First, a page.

MediŠval Wales: Chiefly in the Twelfth and Thirteenth Centuries

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T. F. Unwin, 1902 - History - 148 pages

IN the following lectures no attempt will be made to give a systematic account of a political development, which is the ordinary theme of history. History is “past politics” in the wide sense of the word. It has to do with the growth and decay of states and institutions, and their relations to each other. The history of Wales in the Middle Ages, viewed from the political standpoint, is a failure; its interest is negative; and in this introductory lecture I intend to discuss “the failure of the nation” (to use the words of Professor Rhys and Mr. Brynmor Jones) “to effect any stable and lasting political combination.” Wales failed to produce or develope political institutions of an enduring character—failed to become a state. Its history does not possess the unity nor the kind of interest which the history of England possesses, and which makes the study of English history so peculiarly instructive to the student of politics. In English history we study primarily the growth of the principle of Representative Government, which we can trace for centuries through a long series of authoritative records. That is the great gift of England to the world. Not only has Wales entered on this inheritance; it helped to create it. It was Llywelyn ap Iorwerth who began the revolt against John which led to the Great Charter, and the clauses of the Great Charter itself show that it was the joint work of English and Welsh. Wales again exerted a decisive influence on the Barons’ War—the troubles in which the House of Commons first emerged. And Wales—half of it for more than six hundred years—half of it for nearly four hundred—has lived under the public law and administrative system which the Norman and Angevin kings of England built up on Anglo-Saxon foundations. This public law and this administrative system have become part and parcel of the life and history of Wales. The constitutional history of England is one of the elements which go to make up the complex history of Wales.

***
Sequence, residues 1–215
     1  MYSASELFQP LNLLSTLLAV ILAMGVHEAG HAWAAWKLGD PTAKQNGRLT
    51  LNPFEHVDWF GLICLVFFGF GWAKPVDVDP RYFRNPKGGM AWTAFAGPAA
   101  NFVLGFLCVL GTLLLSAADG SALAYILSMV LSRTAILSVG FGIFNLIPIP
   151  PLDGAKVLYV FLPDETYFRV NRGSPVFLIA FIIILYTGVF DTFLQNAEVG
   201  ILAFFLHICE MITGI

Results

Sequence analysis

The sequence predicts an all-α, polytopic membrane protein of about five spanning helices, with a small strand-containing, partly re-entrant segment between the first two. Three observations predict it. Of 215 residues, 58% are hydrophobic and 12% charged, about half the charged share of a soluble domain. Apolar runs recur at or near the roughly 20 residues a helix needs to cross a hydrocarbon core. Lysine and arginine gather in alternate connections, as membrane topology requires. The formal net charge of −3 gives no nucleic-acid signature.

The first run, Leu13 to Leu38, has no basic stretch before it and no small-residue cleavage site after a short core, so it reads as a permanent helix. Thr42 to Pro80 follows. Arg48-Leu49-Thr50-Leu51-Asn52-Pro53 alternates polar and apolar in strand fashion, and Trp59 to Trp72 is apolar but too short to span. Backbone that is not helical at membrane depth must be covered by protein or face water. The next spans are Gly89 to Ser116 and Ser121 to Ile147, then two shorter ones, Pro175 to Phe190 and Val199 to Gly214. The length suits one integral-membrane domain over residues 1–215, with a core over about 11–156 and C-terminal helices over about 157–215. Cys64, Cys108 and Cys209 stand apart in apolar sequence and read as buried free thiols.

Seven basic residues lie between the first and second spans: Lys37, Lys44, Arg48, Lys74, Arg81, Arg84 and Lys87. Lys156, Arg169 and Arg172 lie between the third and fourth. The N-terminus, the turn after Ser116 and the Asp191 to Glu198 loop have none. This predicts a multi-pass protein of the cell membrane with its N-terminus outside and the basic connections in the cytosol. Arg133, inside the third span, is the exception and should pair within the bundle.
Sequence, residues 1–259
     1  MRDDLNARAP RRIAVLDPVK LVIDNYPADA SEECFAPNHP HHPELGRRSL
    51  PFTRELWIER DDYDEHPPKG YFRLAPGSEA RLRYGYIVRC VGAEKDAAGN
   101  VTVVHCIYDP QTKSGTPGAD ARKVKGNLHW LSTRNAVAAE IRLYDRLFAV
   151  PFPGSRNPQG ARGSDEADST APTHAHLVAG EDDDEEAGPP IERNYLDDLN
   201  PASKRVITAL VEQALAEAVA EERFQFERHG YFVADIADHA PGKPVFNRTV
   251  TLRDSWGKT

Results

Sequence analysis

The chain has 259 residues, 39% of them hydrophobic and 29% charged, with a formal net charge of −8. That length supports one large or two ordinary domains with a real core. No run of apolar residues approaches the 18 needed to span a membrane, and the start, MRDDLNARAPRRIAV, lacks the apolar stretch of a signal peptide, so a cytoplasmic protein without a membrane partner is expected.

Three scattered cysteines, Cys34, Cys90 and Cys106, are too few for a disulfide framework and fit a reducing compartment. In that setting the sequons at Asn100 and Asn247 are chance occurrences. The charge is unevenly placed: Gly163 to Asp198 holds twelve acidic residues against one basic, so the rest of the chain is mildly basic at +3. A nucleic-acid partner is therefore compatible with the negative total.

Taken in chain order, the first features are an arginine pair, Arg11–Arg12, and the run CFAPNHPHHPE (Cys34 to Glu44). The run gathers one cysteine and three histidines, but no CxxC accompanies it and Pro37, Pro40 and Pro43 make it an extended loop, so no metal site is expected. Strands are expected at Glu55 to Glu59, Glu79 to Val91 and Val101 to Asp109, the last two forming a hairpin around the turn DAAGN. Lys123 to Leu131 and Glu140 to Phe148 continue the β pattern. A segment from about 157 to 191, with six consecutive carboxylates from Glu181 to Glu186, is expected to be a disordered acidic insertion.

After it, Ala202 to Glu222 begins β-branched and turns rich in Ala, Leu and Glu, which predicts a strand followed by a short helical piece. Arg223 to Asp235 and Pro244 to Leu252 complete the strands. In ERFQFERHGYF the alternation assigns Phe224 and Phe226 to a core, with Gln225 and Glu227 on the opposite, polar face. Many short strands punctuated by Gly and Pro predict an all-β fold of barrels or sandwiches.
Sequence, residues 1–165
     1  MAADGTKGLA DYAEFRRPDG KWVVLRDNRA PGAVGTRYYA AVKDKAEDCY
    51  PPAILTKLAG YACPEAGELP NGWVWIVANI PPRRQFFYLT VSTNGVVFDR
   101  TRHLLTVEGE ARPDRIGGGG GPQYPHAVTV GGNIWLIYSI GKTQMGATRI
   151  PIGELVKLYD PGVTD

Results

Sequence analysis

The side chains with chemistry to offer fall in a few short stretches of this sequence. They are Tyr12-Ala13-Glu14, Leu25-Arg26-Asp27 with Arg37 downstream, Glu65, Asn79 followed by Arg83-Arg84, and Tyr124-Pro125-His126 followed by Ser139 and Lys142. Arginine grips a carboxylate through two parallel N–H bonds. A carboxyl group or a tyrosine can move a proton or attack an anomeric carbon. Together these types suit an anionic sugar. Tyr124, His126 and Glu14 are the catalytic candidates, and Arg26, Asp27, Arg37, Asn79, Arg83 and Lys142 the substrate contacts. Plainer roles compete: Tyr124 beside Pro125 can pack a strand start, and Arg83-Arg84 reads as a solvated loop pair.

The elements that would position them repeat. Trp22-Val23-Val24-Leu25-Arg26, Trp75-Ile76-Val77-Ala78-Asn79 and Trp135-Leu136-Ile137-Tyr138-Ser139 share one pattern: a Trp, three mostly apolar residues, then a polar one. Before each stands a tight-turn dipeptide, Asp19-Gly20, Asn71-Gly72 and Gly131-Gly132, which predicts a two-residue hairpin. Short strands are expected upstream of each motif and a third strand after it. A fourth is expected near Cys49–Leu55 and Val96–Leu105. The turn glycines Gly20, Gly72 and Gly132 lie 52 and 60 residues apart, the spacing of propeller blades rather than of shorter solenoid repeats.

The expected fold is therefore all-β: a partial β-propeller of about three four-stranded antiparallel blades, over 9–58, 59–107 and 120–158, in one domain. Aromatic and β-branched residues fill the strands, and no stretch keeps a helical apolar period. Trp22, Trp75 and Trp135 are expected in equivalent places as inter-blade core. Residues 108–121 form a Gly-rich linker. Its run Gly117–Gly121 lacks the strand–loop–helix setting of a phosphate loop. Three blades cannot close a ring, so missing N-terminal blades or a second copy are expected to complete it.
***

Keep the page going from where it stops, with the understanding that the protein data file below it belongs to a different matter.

The history of Wales, taken by itself, is constitutionally weak; and its interest is social or personal, archŠological, artistic, literary—anything but political. And the fact—which is indisputable—that Wales failed to establish any permanent or united political system needs explanation.

The ultimate explanation will perhaps be found in the geography of the country. The mountains have done much to preserve the independence and the language of Wales, but they have kept her people disunited; and the Welsh needed a long drilling under institutions, which could only grow up in a land less divided by nature, before they could develope their political genius.

 

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